Aug. 4, 2006 — This fall, lifelong learners age 50 and over will study together in University of Utah courses chosen by and developed specifically for them by subject experts. More than 25 weekly classes will be offered through the U’s Osher Lifelong Learning Institute, beginning Sept. 18.
“Osher members are part of a dynamic community of adults who understand that life is enhanced through learning and social interaction. As our membership grows, the community becomes even more intellectually stimulating, more social, more interesting, more rewarding and more fun,” notes Cathy House, Osher Institute director.
One timely Osher course, “Iran: From the Safavid Empire to the Islamic Republic,” will focus on the cultural and linguistic history of Iran. Osher members will explore the history of Iran from its unification under the Safavid dynasty in 1501 to the current state of affairs under its theocratic form of government, including the origins of Islam and the differences between Sunnism and Shi”ism. This close examination of Iran’s history will help expose many of the mysteries that challenge the West’s understanding of this unique country.
Other fall course titles include “Tai Chi-Chi Kung,” “The Effect of the Boomer Generation on Law and Policy,” “Great Words from Great Books,” “Autumn Landscaping,” “Ways to Talk about a Work of Art,” “Riding the Health Wave: Promoting Healthy Living through Nutrition and Activity,” “Writing and Creating with Your Computer,” “The Happiness Hypothesis,” “Comedy: Why is That so Funny?”, “Women Growing into Wisdom” and more. Foreign language and recreation classes are also offered.
Some of the Osher courses, like the performing arts series,” include field trips. In this course, students will get an insider’s peek at the local performing arts scene with behind-the-scenes tours of the Utah Symphony, Utah Opera and Pioneer Theatre Company, which will include performances of Mozart’s Concerto No. 23, La Traviata and Chicago. Other special events include tours of the Utah Museum of Fine Arts and State Crime Lab tour and a trip to the Utah Museum of Natural History to uncover secrets of Range Creek Ranch.
The Osher Institute offers three, six-week sessions annually, with day courses held at historic Fort Douglas, located on the University campus. Classes meet once or twice a week for 90 minutes to two hours. Courses are specifically developed for learners over age 50 by a curriculum committee made up of Osher members and are taught by distinguished emeritus faculty and community experts.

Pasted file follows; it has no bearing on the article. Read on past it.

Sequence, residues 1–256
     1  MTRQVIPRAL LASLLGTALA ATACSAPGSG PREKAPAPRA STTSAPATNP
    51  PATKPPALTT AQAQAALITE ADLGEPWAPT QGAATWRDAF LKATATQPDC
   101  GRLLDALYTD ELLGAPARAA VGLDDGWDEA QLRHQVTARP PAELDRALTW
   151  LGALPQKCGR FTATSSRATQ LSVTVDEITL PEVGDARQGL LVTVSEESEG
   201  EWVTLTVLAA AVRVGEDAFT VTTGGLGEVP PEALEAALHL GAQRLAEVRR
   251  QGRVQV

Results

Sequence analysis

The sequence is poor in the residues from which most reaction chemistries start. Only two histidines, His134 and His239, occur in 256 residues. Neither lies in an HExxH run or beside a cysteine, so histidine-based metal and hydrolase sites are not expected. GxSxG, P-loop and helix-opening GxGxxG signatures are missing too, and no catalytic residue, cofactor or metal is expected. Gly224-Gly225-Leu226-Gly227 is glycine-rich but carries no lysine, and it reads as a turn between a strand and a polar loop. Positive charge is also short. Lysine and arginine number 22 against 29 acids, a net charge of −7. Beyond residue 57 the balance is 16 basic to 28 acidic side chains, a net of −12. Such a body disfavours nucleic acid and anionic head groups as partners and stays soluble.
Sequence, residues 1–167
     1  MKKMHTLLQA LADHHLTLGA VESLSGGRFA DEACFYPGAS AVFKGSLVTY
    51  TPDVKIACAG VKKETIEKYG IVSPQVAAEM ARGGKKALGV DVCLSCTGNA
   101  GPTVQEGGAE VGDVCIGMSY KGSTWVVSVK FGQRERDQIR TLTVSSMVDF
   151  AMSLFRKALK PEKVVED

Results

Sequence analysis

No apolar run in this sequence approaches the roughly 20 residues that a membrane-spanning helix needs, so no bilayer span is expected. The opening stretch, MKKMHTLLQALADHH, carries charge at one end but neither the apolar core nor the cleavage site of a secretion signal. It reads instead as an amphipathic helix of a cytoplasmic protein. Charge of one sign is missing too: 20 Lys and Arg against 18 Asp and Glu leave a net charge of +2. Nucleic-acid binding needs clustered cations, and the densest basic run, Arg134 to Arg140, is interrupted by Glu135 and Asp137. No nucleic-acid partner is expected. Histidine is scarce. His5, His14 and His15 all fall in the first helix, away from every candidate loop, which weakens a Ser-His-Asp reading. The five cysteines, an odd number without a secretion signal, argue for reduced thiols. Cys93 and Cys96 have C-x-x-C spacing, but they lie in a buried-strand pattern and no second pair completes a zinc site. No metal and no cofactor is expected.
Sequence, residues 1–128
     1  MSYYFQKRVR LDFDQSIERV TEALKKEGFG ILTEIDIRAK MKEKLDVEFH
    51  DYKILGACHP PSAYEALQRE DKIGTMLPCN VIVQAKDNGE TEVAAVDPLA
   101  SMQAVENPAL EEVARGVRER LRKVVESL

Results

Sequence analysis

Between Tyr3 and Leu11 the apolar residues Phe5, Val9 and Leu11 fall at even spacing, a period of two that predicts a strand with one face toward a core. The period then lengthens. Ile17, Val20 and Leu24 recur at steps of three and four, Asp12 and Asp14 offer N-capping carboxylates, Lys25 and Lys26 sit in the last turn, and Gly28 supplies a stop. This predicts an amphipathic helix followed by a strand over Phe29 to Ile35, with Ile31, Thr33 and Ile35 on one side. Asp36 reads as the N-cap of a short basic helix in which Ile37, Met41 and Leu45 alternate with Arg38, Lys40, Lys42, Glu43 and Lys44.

Osher students join a yearly membership program for $400 and may take up to three non-credit classes per session (for a total of nine per year) and enjoy other program benefits, including discounts at Kingsbury Hall and free entrance to the Utah Museum of Fine Arts, Utah Museum of Natural History and Red Butte Garden. In addition, members and their guests can participate in various special events, University lectures, films and tours. U of U Alumni Association members pay $375 for membership. Term memberships are available for $150 and include up to 3 courses in one term. Gift certificates can be purchased for membership in the program.
Funded by an initial grant of $100,000 from the Bernard Osher Foundation, the Osher Lifelong Learning Institute at the University joins 93 other campuses in providing education outreach to older community members. The U’s Osher Institute is also sponsored by the R. Harold Burton Foundation, George S. and Dolores Dore Eccles Foundation, the University Health Sciences Center and members of the Institute. Community partners include the I.J. and Jeanné Wagner Jewish Community Center, the Utah Museum of Natural History, the Utah Museum of Fine Arts, Red Butte Garden and the U Alumni Association.
The Osher Institute’s fall session will run through October 31. Winter session will begin January 22, 2006.
More information on courses, membership and the Osher Institute may be obtained by calling 801-585-5442 or by visiting http://continue.utah.edu/osher/.